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Hum Pathol. 1999 Oct;30(10):1213-20.

Gastrointestinal stromal tumors: recent advances in understanding of their biology.

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Department of Soft Tissue Pathology, Armed Forces Institute of Pathology, Washington, DC 20306-6000, USA.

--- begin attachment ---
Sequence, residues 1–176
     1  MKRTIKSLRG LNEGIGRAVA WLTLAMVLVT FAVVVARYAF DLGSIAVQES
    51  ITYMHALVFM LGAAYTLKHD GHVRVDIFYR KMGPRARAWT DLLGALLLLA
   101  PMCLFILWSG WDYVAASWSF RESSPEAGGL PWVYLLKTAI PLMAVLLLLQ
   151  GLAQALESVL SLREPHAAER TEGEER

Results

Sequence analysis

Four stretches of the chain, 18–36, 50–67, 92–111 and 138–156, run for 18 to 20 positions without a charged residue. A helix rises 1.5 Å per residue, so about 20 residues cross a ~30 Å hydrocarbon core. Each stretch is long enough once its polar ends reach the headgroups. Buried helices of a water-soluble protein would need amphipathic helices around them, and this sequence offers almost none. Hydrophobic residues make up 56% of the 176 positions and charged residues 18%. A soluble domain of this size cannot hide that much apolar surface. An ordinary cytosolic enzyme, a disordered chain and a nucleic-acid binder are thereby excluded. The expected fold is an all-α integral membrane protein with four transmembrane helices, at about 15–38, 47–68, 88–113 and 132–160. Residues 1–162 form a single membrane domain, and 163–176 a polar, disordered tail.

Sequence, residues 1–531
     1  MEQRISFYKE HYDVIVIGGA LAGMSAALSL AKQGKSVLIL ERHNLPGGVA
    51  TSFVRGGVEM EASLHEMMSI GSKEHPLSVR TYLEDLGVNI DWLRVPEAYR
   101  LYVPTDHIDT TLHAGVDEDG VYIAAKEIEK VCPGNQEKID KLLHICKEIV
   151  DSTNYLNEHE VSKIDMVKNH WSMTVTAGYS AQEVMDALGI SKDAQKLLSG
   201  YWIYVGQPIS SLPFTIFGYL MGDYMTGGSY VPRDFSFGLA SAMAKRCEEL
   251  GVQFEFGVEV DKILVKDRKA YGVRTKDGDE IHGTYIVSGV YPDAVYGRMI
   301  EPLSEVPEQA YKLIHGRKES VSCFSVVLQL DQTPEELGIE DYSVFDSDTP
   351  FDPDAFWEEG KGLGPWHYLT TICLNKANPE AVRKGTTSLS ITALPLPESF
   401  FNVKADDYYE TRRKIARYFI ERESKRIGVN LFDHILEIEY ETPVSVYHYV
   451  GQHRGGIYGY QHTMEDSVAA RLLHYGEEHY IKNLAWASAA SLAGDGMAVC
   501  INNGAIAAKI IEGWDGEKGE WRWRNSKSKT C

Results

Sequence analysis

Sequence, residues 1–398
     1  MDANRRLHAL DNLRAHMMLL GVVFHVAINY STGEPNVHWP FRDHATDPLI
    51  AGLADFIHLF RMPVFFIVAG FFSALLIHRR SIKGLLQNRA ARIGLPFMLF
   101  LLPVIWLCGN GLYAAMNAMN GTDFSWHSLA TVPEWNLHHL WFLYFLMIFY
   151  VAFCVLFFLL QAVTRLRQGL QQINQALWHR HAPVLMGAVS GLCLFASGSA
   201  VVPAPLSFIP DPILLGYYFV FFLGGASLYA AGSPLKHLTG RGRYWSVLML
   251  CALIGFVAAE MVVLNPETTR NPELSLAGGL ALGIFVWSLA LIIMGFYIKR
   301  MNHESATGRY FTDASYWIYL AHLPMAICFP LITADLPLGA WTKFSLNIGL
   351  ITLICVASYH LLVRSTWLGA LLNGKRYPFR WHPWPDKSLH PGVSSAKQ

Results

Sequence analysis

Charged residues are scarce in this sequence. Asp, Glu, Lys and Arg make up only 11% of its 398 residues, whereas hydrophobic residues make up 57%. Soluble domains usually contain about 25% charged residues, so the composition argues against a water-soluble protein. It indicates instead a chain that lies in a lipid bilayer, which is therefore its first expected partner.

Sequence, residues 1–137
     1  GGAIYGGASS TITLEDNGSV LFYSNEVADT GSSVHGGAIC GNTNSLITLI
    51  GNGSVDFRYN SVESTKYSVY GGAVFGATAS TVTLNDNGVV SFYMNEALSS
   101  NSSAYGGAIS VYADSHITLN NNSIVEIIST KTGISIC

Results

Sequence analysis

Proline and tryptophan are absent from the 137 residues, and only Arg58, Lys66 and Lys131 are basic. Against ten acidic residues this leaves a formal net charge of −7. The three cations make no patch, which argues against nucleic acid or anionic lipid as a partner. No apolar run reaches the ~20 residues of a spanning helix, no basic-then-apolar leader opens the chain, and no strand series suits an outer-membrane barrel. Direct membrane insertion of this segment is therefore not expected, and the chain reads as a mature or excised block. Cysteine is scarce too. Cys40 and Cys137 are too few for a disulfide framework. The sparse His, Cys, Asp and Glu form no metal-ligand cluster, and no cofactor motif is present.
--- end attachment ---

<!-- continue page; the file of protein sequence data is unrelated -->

Gastrointestinal stromal tumor (GIST) is the preferred term for mesenchymal tumors specific for the gastrointestinal tract (60% in stomach, 30% small intestine, 10% elsewhere). GISTs include most tumors previously designated as leiomyoma, cellular leiomyoma, leiomyoblastoma, and leiomyosarcoma. However, in the esophagus, leiomyoma is the most common mesenchymal tumor. GISTs are composed of spindle (70%) or epithelioid (30%) cells, and 10%-30% are malignant showing intra-abdominal spread or liver metastases. They are immunohistochemically positive for c-kit (CD117), CD34, and sometimes for actin but are almost always negative for desmin and S100-protein. The malignant GISTs especially show activating mutations in the c-kit gene. GISTs and gastrointestinal autonomic nerve tumors (GANT) overlap. The cell of origin is not fully understood, but resemblance to the interstitial cells of Cajal, expression of some smooth muscle markers, and occurrence outside of the GI-tract suggest origin from multipotential cells that can differentiate into Cajal and smooth muscle cells.

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